I bought an ‘Elizabeth Warren for President 2016’ bumper sticker back in 2013. A professor at Harvard, her speeches on economic populism and a rigged political system were viral sensations (Obama’s “you didn’t build that” blunder in 2012 was an awkward reprisal of her “roads & bridges” speech). In the wake of the Great Recession, and at the behest of President Obama, she created the Consumer Financial Protection Bureau. Republicans blocked her nomination to direct the CFPB, so she defeated conservative darling Scott Brown (along with his prop pickup truck) to replace the deceased Ted Kennedy and become the junior senator from Massachusetts. Senator Warren used hearings and the senate floor to call to task the Wall Street banksters – and bureaucrats supposedly regulating them – for their actions and reactions surrounding the crash.
It wasn’t long before the term ‘Warren Wing of the Democratic Party’ was embraced by progressives sick of establishment liberals with their triangulation and neoliberalism. She was destined to fulfill the promise in which Barack Obama seemed uninterested (and that Howard Dean had arrghed away before). Elizabeth Warren, Harvard Professor, had become a political rock star. And I bought a bumper sticker.
Then, in a secret December ’14 meeting, Elizabeth Warren reportedly agreed not to run for president on the promise that Hillary Clinton would… pretend. To be more liberal? To give voice to progressive concerns during the primary? To name Warren veep, perhaps? I certainly hope Hillary didn’t promise to break up the Big Banks or reinstate Glass-Steagal…
It was a shrewd move by the Secretary, to remove the biggest perceived threat from the competition – with the added bonus of whittling down the (real or perceived) backbone of progressives’ foremost political crush.
Bernie Sanders never intended to run for President of the United States. He held out, waiting for someone, anyone to step forward and challenge Hillary from the left. Al Gore, maybe; perhaps Brian Sandoval; especially Elizabeth Warren. Instead, were conservative Jim Webb, goofy Lincoln Chaffey, blow-dried Martin O’Malley, and shunned Lawrence Lessig.
Hillary Clinton was the front-runner of front-runners. A shoe-in for the nomination. And yet, a septuagenarian socialist Jew who wears Men’s Warehouse suits and doesn’t seem to own a comb managed to pull even in national polls and win 22 states. Of those states, Massachusetts was not one. Had an extremely popular and progressive senator from the state endorsed the extremely popular and progressive senator running for president…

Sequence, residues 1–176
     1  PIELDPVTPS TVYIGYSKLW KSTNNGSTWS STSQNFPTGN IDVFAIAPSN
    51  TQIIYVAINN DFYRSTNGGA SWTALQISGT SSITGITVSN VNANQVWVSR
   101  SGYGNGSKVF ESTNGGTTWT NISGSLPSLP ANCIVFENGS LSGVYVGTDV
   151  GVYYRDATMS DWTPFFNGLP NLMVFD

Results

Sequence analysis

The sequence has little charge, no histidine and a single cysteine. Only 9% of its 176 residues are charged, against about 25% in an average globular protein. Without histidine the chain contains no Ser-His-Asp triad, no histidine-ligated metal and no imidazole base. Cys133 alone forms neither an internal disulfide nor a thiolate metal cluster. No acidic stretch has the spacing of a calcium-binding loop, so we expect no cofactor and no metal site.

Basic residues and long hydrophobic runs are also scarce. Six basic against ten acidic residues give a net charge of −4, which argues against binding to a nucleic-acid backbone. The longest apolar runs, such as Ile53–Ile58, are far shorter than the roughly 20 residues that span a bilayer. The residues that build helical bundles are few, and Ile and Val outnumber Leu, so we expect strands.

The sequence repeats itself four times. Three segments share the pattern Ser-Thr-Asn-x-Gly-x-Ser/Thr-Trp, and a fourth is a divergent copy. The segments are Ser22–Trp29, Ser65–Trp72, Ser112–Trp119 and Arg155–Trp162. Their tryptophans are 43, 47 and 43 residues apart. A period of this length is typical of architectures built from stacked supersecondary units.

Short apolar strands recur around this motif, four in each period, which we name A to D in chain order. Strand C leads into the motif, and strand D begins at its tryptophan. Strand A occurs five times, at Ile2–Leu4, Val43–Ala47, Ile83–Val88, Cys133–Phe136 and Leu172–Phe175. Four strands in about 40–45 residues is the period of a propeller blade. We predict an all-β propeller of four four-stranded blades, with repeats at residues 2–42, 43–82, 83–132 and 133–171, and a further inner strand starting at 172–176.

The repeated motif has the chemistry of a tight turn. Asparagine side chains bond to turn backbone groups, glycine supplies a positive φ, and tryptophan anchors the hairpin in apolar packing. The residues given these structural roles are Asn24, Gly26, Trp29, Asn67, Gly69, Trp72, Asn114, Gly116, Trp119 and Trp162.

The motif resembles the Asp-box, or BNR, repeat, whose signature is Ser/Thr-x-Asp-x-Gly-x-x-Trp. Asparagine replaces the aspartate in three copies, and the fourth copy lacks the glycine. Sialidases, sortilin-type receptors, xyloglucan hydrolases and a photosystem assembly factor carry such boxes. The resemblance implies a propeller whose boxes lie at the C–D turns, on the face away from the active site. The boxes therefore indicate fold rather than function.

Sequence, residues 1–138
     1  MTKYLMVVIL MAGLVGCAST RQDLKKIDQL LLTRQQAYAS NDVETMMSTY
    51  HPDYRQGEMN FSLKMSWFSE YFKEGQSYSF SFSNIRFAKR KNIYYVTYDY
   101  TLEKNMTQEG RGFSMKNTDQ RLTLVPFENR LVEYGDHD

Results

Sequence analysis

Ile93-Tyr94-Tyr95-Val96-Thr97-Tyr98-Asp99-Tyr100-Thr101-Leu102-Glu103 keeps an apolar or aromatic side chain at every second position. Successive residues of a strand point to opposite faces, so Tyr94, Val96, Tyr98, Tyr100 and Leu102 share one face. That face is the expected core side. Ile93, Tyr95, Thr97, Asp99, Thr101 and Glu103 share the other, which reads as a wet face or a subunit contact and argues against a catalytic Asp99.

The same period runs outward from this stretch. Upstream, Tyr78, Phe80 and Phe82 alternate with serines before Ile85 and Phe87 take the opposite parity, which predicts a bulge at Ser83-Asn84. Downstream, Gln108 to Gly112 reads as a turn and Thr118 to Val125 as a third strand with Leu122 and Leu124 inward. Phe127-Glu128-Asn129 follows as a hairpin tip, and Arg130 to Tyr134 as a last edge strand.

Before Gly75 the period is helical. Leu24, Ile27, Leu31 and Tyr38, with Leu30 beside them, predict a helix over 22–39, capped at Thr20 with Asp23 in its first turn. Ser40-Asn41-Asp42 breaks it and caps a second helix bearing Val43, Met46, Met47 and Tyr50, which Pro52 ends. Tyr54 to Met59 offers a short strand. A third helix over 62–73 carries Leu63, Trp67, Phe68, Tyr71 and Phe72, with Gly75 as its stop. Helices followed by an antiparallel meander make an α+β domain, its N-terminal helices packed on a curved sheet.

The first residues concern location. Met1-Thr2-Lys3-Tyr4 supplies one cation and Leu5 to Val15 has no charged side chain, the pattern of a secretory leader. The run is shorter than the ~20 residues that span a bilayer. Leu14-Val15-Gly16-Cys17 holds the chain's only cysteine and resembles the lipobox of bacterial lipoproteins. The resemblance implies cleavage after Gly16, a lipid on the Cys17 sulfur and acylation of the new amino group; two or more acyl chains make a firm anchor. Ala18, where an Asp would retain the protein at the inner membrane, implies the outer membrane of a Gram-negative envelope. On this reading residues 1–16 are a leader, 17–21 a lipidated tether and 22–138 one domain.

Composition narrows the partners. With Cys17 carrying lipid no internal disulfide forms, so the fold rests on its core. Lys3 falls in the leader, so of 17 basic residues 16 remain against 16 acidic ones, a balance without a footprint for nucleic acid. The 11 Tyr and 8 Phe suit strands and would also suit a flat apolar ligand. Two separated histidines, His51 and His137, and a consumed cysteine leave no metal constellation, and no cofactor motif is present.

To be fair, Hillary Clinton has long been known to keep an intraparty enemies list, replete with a rating system and payback rendered. No one – including Senator Sanders – expected Bernie to seriously challenge the Clinton machine. He was simply supposed to drag Hillary a bit to the left while giving a voice to progressive values on a national stage. Fellow progressives had to make the political calculus whether supporting the progressive candidate, in what they assumed to be a losing effort, was worth inducing sure Clintonian wrath. Few had the courage.
A year ago, this was a fairly valid justification. After Iowa and New Hampshire, when it had become clear that Bernie was a serious and viable candidate, that calculation should’ve changed. Perhaps Elizabeth Warren had already promised not to challenge Hillary’s breaking of America’s highest glass ceiling. Maybe her hands were tied and she couldn’t endorse Bernie (or agree to be his running mate). But then, by endorsing the physical embodiment of the establishment in Hillary Clinton, before the convention in Philly, and after standing on the sidelines early on when it seemed to matter most…